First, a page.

Still Holding Back
AN INTERVIEW WITH JEREMY GRANTHAM: His warnings against risk-taking fell on deaf ears. Now he says the biggest mistake might be buying too soon.
FOR THREE YEARS, HE'S CAUTIONED INVESTORS TO AVOID RISK. Jeremy Grantham, chairman of institutional money manager GMO in Boston, was early, but eventually right.
Grantham told Barron's in February of 2006 that "housing is a classic bubble" and that "this feels like the end of a cycle." Known for his insights on global investing, Grantham, 70, co-founded GMO, which has a value framework combining quantitative and fundamental analysis. It oversees assets of about $120 billion.
For Grantham's latest views on the fallout from the financial crisis and what investment opportunities he sees, please read on.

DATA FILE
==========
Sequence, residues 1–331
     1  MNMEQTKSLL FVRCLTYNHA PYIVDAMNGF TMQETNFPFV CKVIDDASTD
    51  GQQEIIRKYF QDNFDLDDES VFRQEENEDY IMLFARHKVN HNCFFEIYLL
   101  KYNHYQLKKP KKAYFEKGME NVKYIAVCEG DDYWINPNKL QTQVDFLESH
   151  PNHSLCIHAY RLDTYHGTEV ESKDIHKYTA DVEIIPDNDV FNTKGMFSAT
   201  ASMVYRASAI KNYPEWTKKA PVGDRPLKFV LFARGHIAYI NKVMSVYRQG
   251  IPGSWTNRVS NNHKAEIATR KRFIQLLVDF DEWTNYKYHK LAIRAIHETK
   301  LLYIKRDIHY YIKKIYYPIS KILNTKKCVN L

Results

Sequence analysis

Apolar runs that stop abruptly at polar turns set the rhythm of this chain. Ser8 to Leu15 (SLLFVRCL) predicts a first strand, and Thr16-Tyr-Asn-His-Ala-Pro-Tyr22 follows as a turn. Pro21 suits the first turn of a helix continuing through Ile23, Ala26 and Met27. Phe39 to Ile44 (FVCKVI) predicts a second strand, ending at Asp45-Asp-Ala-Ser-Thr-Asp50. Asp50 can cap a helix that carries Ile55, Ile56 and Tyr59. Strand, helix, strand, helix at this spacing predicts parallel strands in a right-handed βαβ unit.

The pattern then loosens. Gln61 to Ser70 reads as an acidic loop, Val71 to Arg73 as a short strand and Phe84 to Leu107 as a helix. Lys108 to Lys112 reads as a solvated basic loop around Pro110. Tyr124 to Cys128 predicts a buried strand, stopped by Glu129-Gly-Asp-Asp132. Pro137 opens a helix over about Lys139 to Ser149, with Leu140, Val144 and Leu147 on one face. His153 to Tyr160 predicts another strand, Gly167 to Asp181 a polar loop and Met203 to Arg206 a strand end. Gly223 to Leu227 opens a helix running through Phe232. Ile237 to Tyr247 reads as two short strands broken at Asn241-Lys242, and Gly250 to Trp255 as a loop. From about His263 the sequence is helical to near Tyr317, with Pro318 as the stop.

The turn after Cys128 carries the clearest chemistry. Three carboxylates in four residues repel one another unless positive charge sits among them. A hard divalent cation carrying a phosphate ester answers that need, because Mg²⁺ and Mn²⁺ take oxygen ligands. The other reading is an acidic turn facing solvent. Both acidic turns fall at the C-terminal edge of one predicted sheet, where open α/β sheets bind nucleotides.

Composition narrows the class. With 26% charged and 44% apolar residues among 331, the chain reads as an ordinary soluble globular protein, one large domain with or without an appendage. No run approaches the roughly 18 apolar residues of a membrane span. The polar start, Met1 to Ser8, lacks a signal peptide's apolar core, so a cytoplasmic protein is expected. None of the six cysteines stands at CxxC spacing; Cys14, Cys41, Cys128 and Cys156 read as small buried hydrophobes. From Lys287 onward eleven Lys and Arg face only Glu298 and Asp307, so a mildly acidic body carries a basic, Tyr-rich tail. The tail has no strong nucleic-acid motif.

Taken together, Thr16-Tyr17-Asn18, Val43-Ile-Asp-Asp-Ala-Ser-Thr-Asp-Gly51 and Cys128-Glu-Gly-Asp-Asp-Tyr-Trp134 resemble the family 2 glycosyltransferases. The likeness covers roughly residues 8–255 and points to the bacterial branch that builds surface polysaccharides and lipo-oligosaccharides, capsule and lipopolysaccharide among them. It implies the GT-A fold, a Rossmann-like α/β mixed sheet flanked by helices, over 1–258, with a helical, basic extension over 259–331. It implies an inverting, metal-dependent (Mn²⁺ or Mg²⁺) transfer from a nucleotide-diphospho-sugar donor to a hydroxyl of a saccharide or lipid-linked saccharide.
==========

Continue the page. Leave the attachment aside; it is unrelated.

Barron's: How much will the recent $700 billion bailout plan approved by Congress help stabilize the economy and the financial markets?
Grantham: It certainly doesn't hurt. It is an amazingly complicated situation. But I do believe we have passed the point where we have to worry about moral hazard. When Bear Stearns was in trouble, I used to worry about moral hazard.
What is your sense of how this crisis has been handled by those in charge?
It's been a haphazard response, and the next time something happens, you can't be sure what will happen. In one deal they protect the bonds, while in the next deal the bonds go. Then in the next deal they protect the foreign bonds but not the domestic bonds. My guess is that people will be nervous that they will be at the bad end of one of the tough deals, rather than one of the more gentle deals.
Everyone is shaking in their boots. The awareness of risk has come back with a terrifying surge, and it is not going to go away too quickly....MORE
HT: Infectious Greed